Early morning visit to Dodrupchen Monastery, a large monastery in the Nyingma tradition famous for its large chorten. When in residence, Dodrupchen Rinpoche receives devotees to offer blessings from 8AM to 9:30AM. You will then have a chance to see the Namgyal Institute of Tibetology. Since its establishment in 1958, the Namgyal Institute of Tibetology has sponsored and promoted research on the religion, history, language, art and culture of the people of the Tibetan cultural area which includes Sikkim. Its library holds one of the largest collection of Tibetan works in the world outside Tibet and a museum of Tibetan iconography and religious art.

After lunch, drive to Enchey monastery and Ganesh Tok for beautiful views of the surrounding hills and the town itself, dominated by Kanchenjunga, the world’s third-highest mountain. Enchey Monastery is a two hundred year old monastery in the Nyingma tradition of Tibetan Buddhism.

Day 10 – Gangtok/Tsomgo Lake/Gangtok
Drive to Tsomgo Lake (Changu 3750 meters near Tibetan border) and visit Kyongnosla Alpine Sanctuary en route (May-Aug migratory birds making their way from Siberia to India for winter. Tsomgo Lake is a glacial lake. The road to Nathu La, one of the three trading border posts between China and India, passes the lake on north side. The Chinese border crossing is only 3.1 miles away.

Day 11 – Gangtok/Pelling
Drive to Pelling in western Sikkim. Tour Rabdentse Palace (17th century capital of Sikkim) & Pemayangtse. Rabdentse was the second capital of the former kingdom of Sikkim from 1670 to 1814 but was destroyed by Nepalese armies. Now only the ruins of the palace and the chortens remain. Pemayangtse Monastery, one of the oldest monasteries in Sikkim, is close to the ruins. The Rabdentse ruins and Pemayangtse are both on a Buddhist pilgrimage circuit.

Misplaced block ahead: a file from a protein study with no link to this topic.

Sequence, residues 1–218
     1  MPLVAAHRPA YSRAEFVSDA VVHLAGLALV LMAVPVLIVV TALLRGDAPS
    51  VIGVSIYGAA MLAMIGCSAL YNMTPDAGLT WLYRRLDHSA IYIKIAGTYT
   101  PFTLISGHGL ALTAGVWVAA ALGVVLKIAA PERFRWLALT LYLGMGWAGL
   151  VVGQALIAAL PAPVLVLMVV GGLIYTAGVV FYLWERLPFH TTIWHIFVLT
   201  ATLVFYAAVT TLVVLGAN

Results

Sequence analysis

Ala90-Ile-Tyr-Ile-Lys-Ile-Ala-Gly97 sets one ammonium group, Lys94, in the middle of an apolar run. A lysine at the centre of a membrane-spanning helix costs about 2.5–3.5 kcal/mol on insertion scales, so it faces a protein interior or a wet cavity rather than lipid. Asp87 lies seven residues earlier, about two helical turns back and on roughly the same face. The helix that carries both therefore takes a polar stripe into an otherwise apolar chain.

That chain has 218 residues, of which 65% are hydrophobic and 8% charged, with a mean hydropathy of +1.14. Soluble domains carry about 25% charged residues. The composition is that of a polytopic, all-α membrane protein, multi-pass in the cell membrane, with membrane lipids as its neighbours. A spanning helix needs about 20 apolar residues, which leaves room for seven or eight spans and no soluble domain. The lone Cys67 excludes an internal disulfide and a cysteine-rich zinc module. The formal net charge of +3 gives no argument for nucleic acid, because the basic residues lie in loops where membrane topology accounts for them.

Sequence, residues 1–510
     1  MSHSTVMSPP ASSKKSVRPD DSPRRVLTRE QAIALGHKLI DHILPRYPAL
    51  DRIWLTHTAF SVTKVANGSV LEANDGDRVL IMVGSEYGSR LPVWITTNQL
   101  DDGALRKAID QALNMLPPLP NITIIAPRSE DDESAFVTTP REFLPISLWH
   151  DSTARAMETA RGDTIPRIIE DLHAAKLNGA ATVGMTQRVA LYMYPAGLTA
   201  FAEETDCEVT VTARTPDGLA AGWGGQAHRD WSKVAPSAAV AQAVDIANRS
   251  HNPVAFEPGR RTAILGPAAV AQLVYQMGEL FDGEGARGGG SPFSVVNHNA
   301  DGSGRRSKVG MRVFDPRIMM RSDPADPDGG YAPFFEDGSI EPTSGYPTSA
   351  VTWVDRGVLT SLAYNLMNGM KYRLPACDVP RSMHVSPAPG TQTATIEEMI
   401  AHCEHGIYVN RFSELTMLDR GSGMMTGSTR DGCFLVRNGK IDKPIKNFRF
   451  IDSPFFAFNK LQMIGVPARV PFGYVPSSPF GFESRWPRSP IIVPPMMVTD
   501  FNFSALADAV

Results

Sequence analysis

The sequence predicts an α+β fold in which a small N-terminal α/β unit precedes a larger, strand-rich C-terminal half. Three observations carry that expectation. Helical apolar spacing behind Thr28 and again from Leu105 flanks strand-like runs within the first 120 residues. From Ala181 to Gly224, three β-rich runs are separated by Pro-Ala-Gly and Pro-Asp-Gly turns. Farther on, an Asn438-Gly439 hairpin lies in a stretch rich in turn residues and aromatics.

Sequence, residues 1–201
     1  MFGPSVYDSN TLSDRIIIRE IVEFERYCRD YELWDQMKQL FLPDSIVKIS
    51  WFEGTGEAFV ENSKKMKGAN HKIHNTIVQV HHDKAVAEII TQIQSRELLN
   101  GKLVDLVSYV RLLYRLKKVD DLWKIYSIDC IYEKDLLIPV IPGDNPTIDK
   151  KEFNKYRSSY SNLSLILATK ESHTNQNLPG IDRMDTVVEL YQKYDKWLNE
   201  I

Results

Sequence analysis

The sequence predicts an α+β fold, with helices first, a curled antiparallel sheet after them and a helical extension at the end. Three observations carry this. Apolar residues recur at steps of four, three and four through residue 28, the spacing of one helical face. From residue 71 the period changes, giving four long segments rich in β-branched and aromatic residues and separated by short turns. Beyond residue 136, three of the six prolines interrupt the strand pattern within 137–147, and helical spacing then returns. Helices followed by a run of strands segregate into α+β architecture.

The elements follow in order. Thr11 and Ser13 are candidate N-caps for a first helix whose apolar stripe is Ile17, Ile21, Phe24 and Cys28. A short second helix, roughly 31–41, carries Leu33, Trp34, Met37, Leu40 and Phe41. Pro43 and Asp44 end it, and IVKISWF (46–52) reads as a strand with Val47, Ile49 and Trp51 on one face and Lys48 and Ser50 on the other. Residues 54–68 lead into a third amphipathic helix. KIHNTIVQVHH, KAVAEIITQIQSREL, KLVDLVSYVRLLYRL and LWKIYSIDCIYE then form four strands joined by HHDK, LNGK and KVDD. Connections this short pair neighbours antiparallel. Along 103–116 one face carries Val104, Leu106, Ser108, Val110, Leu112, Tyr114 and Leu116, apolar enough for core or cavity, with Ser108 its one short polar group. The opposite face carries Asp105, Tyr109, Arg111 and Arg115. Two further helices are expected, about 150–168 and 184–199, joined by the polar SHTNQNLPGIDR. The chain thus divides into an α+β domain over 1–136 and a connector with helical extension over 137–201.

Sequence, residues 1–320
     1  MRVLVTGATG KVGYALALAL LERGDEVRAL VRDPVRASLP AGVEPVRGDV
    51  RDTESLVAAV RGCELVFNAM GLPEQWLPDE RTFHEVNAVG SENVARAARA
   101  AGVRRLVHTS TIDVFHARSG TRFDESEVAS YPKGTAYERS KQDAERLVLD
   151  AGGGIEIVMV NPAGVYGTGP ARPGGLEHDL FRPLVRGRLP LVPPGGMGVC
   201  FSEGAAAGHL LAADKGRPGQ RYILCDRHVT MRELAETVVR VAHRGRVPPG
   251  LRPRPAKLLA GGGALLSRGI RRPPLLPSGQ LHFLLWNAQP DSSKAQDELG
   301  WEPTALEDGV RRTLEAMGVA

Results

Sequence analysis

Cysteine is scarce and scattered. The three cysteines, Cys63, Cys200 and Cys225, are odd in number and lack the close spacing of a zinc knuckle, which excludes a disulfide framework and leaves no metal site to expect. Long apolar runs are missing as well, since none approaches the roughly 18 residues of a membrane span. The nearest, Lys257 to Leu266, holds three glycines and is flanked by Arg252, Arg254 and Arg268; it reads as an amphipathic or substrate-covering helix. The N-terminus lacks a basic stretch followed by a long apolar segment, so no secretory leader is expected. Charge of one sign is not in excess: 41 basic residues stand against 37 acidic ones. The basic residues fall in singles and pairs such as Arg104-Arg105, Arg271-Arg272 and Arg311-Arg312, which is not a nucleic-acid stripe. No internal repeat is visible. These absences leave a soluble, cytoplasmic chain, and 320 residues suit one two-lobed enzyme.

Day 12 – Pelling/Gangtok
Morning drive to Tashiding Monastery which locals say that one glimpse of the gonpa will “cleanse the soul”. From there you will enjoy a leisurely drive back to Gangtok. The rest of your day is free to explore or shop as you wish.

Day 13 – Depart Gangtok
Transfer to Bagdogra for your departure flight onward.

CALL NOW for more details 415-331-3791

Assam Extension

Day 1 – Gangtok/ Bagdogra/Guwahati (Assam)
Drive to Bagdogra and fly to Guwahati. Transfer to your hotel. Tour the Kamakhya Temple and Pan Bazaar. Assam produces nearly 55 percent of the tea crop in India and 20% of the world’s tea!

Day 2 to Day 5 – Guwahati/Kaziranga
Drive to Kaziranga (one of India’s top 5 places to view wildlife) to board on your 4 day river cruise down the Brahmaputra on an Assam Bengal Navigations Ship.

Day 5 – Depart Guwahati
Transfer to the airport for your departure flight.

CALL NOW for more details 415-331-3791